Mrs. Watson

I am beyond pleased with how my new shawl worked out. It’s Mrs. Watson, by Martina Behm. Actually, it’s Mrs. Watson on steroids. More on that in a bit.

My shawl is 100% sportweight alpaca. It was handspun from an alpaca herd owned by Christa Newhouse. She, along with her husband Shelby, owned Insel Haus on Bois Blanc Island for many years. (It’s “The Hideaway at Bois Blanc” now.) Anyway, my Yarn Dreamer alpaca was spun from two alpacas whose names I know: Leisl and Cressida. I needed a special pattern for this special yarn. It’s been in my stash for about 10 years, waiting for that special pattern. Mrs. Watson was it for sure.

My Mrs. Watson is huge. At its widest it’s 27 inches. That central double decrease spine is 56 inches long. From tip to tip it’s 75 inches, not following the curve. That compares to 20 by 66 inch dimensions as originally designed.

It was difficult for me to figure out how to keep the beautiful short row design features while still widening and lengthening the shawl.

Until I purchased the pattern I couldn’t figure out how this shape is achieved.  Ok. I figured short rows. But that swoosh? And that graceful shape?

The knitting begins at the lower left and the work increases at both edges for…awhile. Then the stitch count stays the same for the rest of the shawl. I knew that to widen the shawl I’d have to continue the increases. So that’s what I did. I added three of the marled brown leaves and then started in just blindly following the pattern. Blindly is the key word, unfortunately.

I had GOBS more yarn than I needed. Gobs. That’s a knitting term of art, right? No worries that I’ll run out of yarn, right? Eventually I understood the pattern and worried I’d run out of the lighter shade of yarn.

What I failed to appreciate may already be obvious to you. The shape of the shawl will be all wonky if that central double decrease doesn’t end with (basically) no stitches on one side of the decrease. But I had bunches more of stitches since I’d widened the shawl by adding 3 full pattern repeats (“body” and “leaf” in the pattern’s lingo). And it’s a subtle but beautiful design feature that those short row leaves change shape as the knitting progresses.

Bottom line, if you work extra leaves before “body” pattern 2, you need to work that same number of extra leaves in the later leaf patterns to get the shape (and spine) to work out correctly. And all the added leaves need to include an accompanying extra body section. I think I know that’s super hard to understand unless you’re actually knitting the pattern. But hopefully it will be of help to someone working the shawl who, like me, decided to widen it. Going into leaf pattern 8, you should end up with 7 stitches beyond the CDD “spine,” which is exactly what’s needed. I worked 3 extra sets of leaf (and body) pattern 7. It worked.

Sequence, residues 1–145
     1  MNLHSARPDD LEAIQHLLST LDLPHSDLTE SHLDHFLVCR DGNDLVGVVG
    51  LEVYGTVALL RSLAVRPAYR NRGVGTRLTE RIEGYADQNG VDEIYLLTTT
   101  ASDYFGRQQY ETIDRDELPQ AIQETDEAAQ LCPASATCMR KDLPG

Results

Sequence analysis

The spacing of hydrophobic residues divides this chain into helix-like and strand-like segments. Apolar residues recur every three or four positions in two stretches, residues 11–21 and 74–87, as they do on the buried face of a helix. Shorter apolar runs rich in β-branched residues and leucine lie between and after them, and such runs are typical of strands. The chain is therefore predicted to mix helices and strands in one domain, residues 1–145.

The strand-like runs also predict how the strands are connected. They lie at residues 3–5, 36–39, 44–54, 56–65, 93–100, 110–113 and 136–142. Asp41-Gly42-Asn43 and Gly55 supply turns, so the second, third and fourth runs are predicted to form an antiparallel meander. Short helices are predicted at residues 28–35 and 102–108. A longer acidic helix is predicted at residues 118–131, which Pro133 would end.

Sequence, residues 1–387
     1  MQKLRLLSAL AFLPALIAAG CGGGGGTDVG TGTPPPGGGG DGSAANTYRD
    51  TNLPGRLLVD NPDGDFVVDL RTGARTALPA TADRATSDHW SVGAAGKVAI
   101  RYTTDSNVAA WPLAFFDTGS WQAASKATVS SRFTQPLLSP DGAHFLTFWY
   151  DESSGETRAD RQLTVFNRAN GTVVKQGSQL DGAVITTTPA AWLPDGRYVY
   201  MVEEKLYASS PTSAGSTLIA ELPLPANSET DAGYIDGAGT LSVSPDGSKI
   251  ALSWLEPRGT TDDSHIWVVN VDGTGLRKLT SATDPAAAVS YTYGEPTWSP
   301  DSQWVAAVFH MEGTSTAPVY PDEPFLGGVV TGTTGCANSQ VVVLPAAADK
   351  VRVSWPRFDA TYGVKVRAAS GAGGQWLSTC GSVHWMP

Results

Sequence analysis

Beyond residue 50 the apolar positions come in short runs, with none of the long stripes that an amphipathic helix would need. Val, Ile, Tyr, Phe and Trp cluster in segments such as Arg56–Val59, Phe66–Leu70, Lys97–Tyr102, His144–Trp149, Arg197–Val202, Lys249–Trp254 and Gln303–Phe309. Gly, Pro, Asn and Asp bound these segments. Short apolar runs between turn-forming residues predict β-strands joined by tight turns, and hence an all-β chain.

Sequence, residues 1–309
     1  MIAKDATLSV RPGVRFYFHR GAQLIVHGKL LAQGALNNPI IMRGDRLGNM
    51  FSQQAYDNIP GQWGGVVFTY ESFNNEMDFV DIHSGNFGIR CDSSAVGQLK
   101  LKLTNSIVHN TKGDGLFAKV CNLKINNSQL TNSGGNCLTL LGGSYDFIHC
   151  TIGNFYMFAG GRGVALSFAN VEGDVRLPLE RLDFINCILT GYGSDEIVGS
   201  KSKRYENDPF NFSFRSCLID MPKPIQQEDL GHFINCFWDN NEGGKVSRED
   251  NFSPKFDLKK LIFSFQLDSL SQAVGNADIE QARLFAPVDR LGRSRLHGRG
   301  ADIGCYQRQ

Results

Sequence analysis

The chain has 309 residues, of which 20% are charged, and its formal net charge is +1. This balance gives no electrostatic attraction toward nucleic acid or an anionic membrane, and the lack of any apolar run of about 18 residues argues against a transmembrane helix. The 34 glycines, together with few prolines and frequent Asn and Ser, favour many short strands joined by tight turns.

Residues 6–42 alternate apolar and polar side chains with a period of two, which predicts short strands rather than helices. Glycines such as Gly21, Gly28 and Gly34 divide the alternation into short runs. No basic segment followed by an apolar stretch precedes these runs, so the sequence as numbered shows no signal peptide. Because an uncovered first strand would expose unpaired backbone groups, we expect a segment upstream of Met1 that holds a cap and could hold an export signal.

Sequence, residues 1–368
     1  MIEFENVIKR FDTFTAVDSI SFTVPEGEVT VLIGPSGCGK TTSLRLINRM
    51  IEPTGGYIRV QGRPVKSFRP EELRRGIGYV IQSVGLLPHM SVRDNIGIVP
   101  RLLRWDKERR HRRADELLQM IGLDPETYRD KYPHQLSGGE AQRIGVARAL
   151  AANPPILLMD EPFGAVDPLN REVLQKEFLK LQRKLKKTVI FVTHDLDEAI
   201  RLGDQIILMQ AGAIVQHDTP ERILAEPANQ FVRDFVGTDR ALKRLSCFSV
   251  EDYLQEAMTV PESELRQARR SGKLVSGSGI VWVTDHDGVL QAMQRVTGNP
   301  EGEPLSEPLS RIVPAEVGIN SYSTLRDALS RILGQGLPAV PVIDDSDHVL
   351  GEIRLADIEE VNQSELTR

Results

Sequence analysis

Here’s another look at this beauty before I go on with the rest of my tale about how this knitting yarn got to a happy ending.

I eventually understood that I would run out of the lighter color alpaca. Since each lighter section takes exactly the same amount of yarn, I weighed my remaining ball of that color before and after a section to figure out how much yarn one section needed. I figured it might look like I’d planned the added color if I completed the shawl with one strip of the lighter shade. So I saved enough yarn for that.

My supply of alpaca was lower than low. But I had an almost-600 yarn skein of Heritage Prime Alpaca in a marled black/gray labeled sportweight. Unfortunately it was a very lightweight sportweight. And the rest of my shawl is a very beefy sportweight. Having a limp section at one end of the shawl wouldn’t do. I started hunting around in my stash for a laceweight or fingering weight yarn I could add to the black/gray alpaca to get to the correct weight. I was so sad that my 100% alpaca shawl was going to have to diversify and include some merino. Maybe you heard my groans and sobs?

I was about to add in some black fingering weight merino. Then I remembered a farm stall a zillion years ago selling laceweight alpaca. Had I…? Yes!  I keep a little stash of black yarn set aside to sew critter eyeballs and noses. I had a ball of very fine black alpaca in my critter faces stash. Held together with my Heritage Prime that yarn gave me essentially the same weight as the beefy Yarn Dreamer. Maybe you heard my joyful hoots and hollers?

I’ve been wearing this shawl almost non-stop lately, especially through recent frigid mornings when it’s been as cold as 15 degrees below zero (Farenheit). In my world, there’s nothing like alpaca for warm.

This alpaca was part of Christa’s flock. Maybe it’s even Leisl.